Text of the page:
We all die. Sooner or later, the body gives out, and the soul passes into eternity. Only two people have ever avoided death entirely (Enoch and Elijah), and it is highly probable that they are the two witnesses spoken of in Revelation 11. Of course, in the end those two witnesses die too – for even Jesus Himself did not avoid dying. He overcame it in the resurrection, but death itself remains until the very last day.
For this reason some have believed that our present life is of little value. That what really matters is making it to heaven, so that one can do what really matters on that side of eternity. Consequently, although they’ve may have been saved and even though they may live moral and upright lives, they spend little effort on bringing His Kingdom come. Content to know their surety, they assign the work of rescuing the lost to the clergy. Or to the very passionate – those they’ve attributed a ‘gift’ of evangelism and/or mission to.
They have forgotten the very example they cling to. For Christ poured out his life on the earth for the poor, the forgotten, the downcast, the oppressed and the broken. Jesus preached the Good News everywhere He went – always making it a priority. He did so, and even faced the cross, “for the joy that lay before Him.” Further, it was not only joy that was set before Him. Entirely as a result of what He did on earth, “God exalted him to his own right hand as Prince and Savior that he might give repentance and forgiveness of sins to Israel.”
NT Wright wrote, “The present bodily life is not valueless just because it will die. God will raise it to new life. What you do with your body in the present matters, because God has a great future in store for it. […] What you do in the present—by painting, preaching, singing, sewing, praying, teaching, building hospitals, digging wells, campaigning for justice, writing poems, caring for the needy, loving your neighbour as yourself—all these things will last into God’s future. They are not simply ways of making the present life a little less beastly, a little more bearable, until the day when we leave it behind altogether (as the hymn so mistakenly puts it, ‘until that day when all the blest to endless rest are called away’). They are part of what we may call building for God’s kingdom.”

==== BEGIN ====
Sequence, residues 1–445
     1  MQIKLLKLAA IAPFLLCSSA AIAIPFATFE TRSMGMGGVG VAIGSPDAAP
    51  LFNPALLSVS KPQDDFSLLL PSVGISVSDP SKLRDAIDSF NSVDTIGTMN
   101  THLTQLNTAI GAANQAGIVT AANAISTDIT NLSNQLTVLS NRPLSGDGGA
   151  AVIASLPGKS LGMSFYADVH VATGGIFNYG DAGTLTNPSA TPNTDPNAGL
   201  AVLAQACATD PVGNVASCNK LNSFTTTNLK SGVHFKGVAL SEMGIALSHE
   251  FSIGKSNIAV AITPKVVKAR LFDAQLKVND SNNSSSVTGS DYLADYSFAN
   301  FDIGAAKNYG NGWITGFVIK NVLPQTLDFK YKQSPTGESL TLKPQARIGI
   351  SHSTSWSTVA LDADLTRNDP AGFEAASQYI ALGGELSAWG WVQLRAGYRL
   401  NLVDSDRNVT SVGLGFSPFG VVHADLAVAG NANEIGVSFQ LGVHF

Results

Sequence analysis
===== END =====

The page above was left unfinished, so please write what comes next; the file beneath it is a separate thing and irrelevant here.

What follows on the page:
So when we pray, “Our Father in heaven, hallowed be your name, your kingdom come, your will be done on earth as it is in heaven,” we must not only be asking Him to bring about His Kingdom, and that His will might be effected on earth – we must be committing ourselves to work to the very same end. For surely this is the abundant life, that God allows us the privilege of working alongside Him, in bringing about His purposes in the here and now! Not only to be a blessing to many now, but so that He might reward His obedient children all the more when His Kingdom is fully here, manifested physically as well as spiritually! Amen.
Though I am always in a haste, I am never in a hurry, because I never undertake more work than I can go through with perfect calmness of spirit.John Wesley
How are you planning on honouring God in what you do today?